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cooling off

Day of rest

Sunday, yesterday, we actually had no rain – not even a threat of it.  It is amazing how lighter skies (we didn’t really get what you could call sunshine either) can lift the spirits.

After church, we wended our way to Ravenhill Herb Farm to pick up a couple of basil plants.  The basil plants were because the seed tray I planted up with basil a few weeks ago did absolutely nothing – and it turns out that’s because I never added the seeds.  I found the still sealed packet the other day. I had to laugh at myself, carefully nurturing this tray of nothing but soil for 3 weeks.   I must have got distracted…imagine, me, distracted.

Anyway.  Had a lovely half hour at Ravenhill, which has an amazing view, exploring the herb garden, the orchard, checking out the goats etc, all while sipping herb tea.  Very civilized.  AND ran into a good friend showing her relatives from the UK around.  On the way home from there, we drove past Three Oaks Farm, and picked up a couple more basil plants, and conversed briefly with the official farm greeter – part collie, part shepherd, I would say, and very welcoming.  Three Oaks Farm by the way is owned by Rachel Fisher, one of the co-authors of “All the Dirt“, a recently published book about what it takes to get started and grow in organic farming.  It is partly biographical, which I found fascinating, having known of these three farmers for years.  Because it is about their experiences, the books focus is very much on the region I live in, so if you want a glimpse of my corner of the world, go find this book.  Back to Sunday…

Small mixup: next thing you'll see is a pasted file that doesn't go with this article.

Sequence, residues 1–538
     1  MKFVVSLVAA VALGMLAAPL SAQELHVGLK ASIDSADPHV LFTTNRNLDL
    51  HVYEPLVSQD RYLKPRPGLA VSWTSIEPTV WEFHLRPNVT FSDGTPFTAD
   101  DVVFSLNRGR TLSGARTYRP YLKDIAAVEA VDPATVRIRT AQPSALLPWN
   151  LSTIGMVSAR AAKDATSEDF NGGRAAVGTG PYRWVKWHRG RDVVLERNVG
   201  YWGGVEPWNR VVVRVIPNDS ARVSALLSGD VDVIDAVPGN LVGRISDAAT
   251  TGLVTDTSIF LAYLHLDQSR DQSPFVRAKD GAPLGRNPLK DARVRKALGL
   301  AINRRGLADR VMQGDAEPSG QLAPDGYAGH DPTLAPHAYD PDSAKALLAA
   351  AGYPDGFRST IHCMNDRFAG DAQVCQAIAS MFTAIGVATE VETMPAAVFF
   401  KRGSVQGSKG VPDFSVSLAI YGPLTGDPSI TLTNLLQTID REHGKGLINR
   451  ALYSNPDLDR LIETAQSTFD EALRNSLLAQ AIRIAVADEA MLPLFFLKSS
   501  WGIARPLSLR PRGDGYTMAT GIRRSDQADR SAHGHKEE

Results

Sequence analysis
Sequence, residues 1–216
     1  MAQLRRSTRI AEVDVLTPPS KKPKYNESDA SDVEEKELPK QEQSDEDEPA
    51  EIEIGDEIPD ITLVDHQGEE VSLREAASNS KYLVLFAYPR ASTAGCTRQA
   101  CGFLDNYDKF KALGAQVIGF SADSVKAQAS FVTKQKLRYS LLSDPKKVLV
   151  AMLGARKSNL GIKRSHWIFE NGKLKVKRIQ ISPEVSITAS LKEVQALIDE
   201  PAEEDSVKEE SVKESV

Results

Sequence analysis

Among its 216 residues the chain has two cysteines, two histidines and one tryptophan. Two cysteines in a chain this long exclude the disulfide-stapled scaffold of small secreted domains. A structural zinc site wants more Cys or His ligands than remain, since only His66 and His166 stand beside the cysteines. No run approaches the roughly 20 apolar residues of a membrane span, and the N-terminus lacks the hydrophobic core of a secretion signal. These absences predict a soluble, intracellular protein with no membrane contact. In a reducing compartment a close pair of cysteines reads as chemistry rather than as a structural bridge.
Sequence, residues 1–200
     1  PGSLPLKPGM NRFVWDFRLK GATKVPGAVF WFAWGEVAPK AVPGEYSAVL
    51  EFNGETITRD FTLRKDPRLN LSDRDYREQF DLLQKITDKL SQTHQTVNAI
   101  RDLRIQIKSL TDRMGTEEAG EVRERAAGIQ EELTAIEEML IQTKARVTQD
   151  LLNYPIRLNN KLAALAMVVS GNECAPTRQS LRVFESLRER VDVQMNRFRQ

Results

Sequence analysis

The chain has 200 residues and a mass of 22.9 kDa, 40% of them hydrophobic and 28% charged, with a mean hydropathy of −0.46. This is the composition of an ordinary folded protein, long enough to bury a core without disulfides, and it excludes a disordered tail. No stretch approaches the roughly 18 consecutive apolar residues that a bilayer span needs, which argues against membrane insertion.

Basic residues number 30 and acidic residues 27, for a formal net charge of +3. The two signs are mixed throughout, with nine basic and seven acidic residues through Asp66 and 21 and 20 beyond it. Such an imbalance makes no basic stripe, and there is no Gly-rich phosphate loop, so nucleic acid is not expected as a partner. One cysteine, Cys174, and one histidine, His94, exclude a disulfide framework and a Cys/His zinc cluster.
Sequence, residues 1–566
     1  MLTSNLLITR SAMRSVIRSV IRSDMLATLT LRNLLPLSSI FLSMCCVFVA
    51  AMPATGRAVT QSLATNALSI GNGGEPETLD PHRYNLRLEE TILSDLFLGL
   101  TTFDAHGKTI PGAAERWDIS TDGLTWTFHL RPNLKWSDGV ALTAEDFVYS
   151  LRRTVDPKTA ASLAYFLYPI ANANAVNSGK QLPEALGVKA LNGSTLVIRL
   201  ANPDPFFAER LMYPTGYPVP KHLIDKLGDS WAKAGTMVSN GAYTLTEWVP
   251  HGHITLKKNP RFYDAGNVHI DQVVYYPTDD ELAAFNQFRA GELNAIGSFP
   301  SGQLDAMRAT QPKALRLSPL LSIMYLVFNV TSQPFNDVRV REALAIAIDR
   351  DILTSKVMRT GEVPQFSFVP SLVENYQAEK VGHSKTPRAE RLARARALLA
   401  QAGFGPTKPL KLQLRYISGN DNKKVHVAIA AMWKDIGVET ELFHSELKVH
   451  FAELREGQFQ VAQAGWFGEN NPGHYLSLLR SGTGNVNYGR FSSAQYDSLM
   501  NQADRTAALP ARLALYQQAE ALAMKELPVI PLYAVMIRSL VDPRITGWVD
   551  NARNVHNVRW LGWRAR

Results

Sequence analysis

Once home we finally had a cup of coffee (I had two actually), sitting in the almost but not quite sun, and planned out our afternoon.  Random photographer and her sister were both, unfortunately, stuck most of the day inside; one writing an essay (misuse or shortage of potable water worldwide- it’s in French, I’m not sure) the other working on a geometry assignment (symmetry of different shapes).  The dog (above) chose to stick with those of us with outdoor plans.

Coffee morphed into a snacky, leftover sort of lunch, and then we got down to it.  He hoed and weeded the potatoes, set up a water barrel near the tiny veg garden for me (and filled it), harvested mint and made 2 jars of concentrated mint sauce to have with lamb over the winter, and cleared away a bunch of branched I’d pruned off a tree near the veg garden. Oh, and he got the pizza dough started in the bread machine.  I got the basil transplanted, weeded the veg garden, harvested our first lettuce for supper, transplanted some onions that had been waiting for a week, hacked thistles for an hour (the chickens were fascinated), collected eggs, hung out laundry and pruned the tree mentioned above.  The dog kept an eye on me, ate something disgusting and dug a really big hole – her idea of a perfect afternoon.

At some point we sat down for a break and had a race to see who could figure out potential yield on the potato crop first – he with his blackberry and google, me with my gardening books –  I won (of course).  Thank you Steve Solomon for your easy to find information.  Supper was homemade pizza and homegrown salad (the tomatoes were actually from a local hothouse).  And it was delicious. The geometry got handed in this morning, and the essay has amazing graphics to go with it.   Nice finish to our day of rest.